Any time you have a phrase in English, such as “X of Y,” it’s more than likely that your phrase can be translated to Arabic with an idafah construction. The “of” gets blended into the “Y” section of the phrase using something called the genitive case. Again, just focus on the word order here instead of the cases.

“I work at the Faculty of Arts.”

أَعمَلُ في كُلِّيَّةِ الفُنون.

ʾaʿmalu fī kulliyyaẗi al-funūn.

“I work at the Faculty of Science.”

أَعمَلُ في كُلِّيَّةِ العُلوم.

ʾaʿmalu fī kulliyyaẗi al-ʿulūm.

“This is a cup of honey.”

هَذا كَأسُ عَسَل.

haḏā kaʾsu ʿasal.

Based on the pattern above, can you figure out which word means “cup” and which “honey?”

5. Conjunctions to Link Sentences and Ideas

Group of Friends with Their Arms Around Each Other

The following sentences look quite advanced, but it turns out that they’re some of the most useful sentence patterns across languages.

Let’s take “because” for example. This is li’anna in Arabic, and it conjugates similar to how a verb does. That is, it takes a verb ending.

“I like you because you are friendly.”

أَنا مُعجَبٌ بِكَ لِأَنَّكَ وَدود.

ʾanā muʿǧabun bika liʾannaka wadūd.

Here, the verb “like” and the conjunction “because” both have the same ending. Once you know this pattern, you can combine it with what you learned before about adjectives never needing the verb “to be.”

With a few more examples, it’s easy to see how to make this relatively complex sentence!

“I like Arabic because it is beautiful.”

تُعجِبُني العَرَبِيَّةُ لِأَنَّها جَميلَة.

tuʿǧibunī al-ʿarabiyyaẗu liʾannahā ǧamīlah.

“I like Egypt because it is hot.”

أُحِبُّ مِصرَ لِأَنَّها حارَّة.

 ʾuḥibbu miṣra liʾannahā ḥārrah.

This is stuff that would be taught in the second or third semester of many Arabic classes, and here you’re picking it up right away. How about a different semi-complex sentence, say, one with a helping verb?

“I am speaking Arabic.”

أَتَكَلَّمُ العَرَبِيَّة.

ʾatakallamu al-ʿarabiyyah.

“I can speak Arabic.”

أَستَطيعُ أَن أَتَكَلَّمَ العَرَبِيَّة.

ʾastaṭīʿu ʾan ʾatakallama al-ʿarabiyyah.

“I can’t speak Arabic.”

لا أَستَطيعُ أَن أَتَكَلَّمَ العَرَبِيَّة.

lā ʾastaṭīʿu ʾan ʾatakallama al-ʿarabiyyah.

6. Conclusion

Improve Listening

It’s tough to get a big-picture view of a language from an article like this.

In fact, it’s impossible.

The only way to get an intuitive sense of what areas you need to focus on in Arabic is to actually experience Arabic.

If reading is hard for you, then that means doing lots of listening. If listening is hard for you, then it means doing lots of reading.

Absorb the language, and the patterns will start sticking out, one by one. All you have to do is pay attention when they do.

Jumping right into “real” Arabic is daunting, though. You need something that can guide you, something that can show you the steps for learning Arabic from beginner to advanced and beyond.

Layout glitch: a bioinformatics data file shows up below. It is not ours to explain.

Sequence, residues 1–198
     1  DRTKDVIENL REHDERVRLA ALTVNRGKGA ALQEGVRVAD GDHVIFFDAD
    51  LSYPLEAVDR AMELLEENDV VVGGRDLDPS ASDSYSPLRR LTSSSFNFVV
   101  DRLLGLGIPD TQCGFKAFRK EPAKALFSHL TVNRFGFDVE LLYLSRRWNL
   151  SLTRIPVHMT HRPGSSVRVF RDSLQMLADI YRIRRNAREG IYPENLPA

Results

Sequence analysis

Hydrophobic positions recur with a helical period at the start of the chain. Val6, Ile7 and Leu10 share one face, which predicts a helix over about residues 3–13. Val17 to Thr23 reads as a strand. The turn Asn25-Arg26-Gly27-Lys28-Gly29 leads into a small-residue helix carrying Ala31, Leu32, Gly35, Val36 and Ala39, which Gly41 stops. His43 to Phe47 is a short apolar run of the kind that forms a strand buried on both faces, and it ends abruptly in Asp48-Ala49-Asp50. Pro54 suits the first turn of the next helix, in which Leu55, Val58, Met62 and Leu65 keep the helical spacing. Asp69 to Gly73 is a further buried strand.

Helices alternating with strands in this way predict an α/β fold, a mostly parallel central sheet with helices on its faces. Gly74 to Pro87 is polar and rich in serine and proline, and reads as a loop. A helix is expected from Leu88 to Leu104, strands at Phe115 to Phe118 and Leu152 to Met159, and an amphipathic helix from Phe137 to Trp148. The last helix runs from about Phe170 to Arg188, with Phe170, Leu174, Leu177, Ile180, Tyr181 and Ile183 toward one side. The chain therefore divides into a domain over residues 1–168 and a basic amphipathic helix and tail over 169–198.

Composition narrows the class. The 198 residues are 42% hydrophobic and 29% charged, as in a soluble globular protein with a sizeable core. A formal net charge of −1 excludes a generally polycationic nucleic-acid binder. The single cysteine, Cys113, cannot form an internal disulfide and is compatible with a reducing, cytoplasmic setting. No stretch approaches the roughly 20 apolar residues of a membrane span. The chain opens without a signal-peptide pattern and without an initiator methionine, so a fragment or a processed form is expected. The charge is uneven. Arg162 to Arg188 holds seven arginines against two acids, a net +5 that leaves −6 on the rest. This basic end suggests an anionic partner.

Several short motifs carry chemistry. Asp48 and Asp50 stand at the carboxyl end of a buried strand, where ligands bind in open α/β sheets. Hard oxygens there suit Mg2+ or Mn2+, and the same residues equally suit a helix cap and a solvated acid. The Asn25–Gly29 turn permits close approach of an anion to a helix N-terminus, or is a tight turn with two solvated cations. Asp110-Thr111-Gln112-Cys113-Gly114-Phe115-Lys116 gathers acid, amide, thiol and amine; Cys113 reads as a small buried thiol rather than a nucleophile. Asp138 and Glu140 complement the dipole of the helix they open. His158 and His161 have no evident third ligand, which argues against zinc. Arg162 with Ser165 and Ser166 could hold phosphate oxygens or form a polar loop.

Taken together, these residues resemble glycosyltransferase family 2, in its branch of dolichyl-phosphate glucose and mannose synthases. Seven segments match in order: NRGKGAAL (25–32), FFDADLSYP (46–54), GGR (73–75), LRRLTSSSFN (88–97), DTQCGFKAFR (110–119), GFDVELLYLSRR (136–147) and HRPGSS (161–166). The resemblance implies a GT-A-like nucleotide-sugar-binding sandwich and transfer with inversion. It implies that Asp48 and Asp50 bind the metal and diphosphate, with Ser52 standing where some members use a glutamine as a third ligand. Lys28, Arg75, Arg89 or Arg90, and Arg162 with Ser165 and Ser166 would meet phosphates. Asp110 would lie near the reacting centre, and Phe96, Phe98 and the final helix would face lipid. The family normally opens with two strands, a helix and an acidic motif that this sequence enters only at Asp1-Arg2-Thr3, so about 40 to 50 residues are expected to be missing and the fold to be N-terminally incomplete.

You need ArabicPod101.

Right now, you can sign up for a trial and find out what we’re all about. (Hint: it’s Arabic.)

With our podcasts, articles, and vocabulary resources, you’ll have everything you need to make sense of the beautiful and intricate Arabic language, and start using it for yourself.

In the meantime, let us know in the comments how you feel about Arabic word order so far. We’ll do our best to answer any questions you may still have!

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Every Minute Counts When Telling Time in Arabic


Are you planning a trip to an Arabic-speaking country?

When do you leave?

And how do you say that in Arabic?

Yup, you’ll need to know about telling time in Arabic to get around very well and be on time. 

You wouldn’t believe how many tourists get confused and frustrated at bus stations, taxi stands, airports, and train terminals all over the world simply because they don’t understand how to talk about time in the local language.

That’s pretty surprising, to be honest, because you’d think that time words would be one of the things you would prioritize in a new language. 

But it still always just seems like something to learn later—until your taxi driver is laughing at you because you misheard what time the bus leaves, and now you’re four hours too late for the last bus out of town.

Been there.

So that’s why we’ve put together this article. It includes everything you need to know about asking for the time in Arabic, plus some interesting things you might not have considered before. Also keep in mind that we have an article about how to talk about dates in Arabic—another important topic you’ll want to know for your trip.

Let’s go!

Log in to Download Your Free Cheat Sheet - Time Phrases in Arabic Table of Contents
  1. Asking for the Time
  2. Talking about Hours
  3. Talking about Minutes and Seconds
  4. Throughout the Day
  5. Time Zones
  6. Expressions and Phrases about Time
  7. Conclusion

1. Asking for the Time

Woman Asking the Time

We don’t have a lot of different ways to ask for the time in English, and in Arabic the same principle holds true. Here are some of the most common phrases for asking about time in Arabic:

  • كَم الساعَة؟

 kam al-sāʿah? 

You’re literally asking “How much hour?” This is important, because in Arabic, the question word kam is used to ask for prices:

  • كَم الساعَة؟

kam al-sāʿah?

How much is the watch?

Pretty similar, right?

Fortunately, this doesn’t cause a whole lot of confusion. Imagine you’re sitting with a friend and chatting, and it’s getting a little late. If you ask him for the time, he’s not going to think you’re asking about his accessories out of the blue!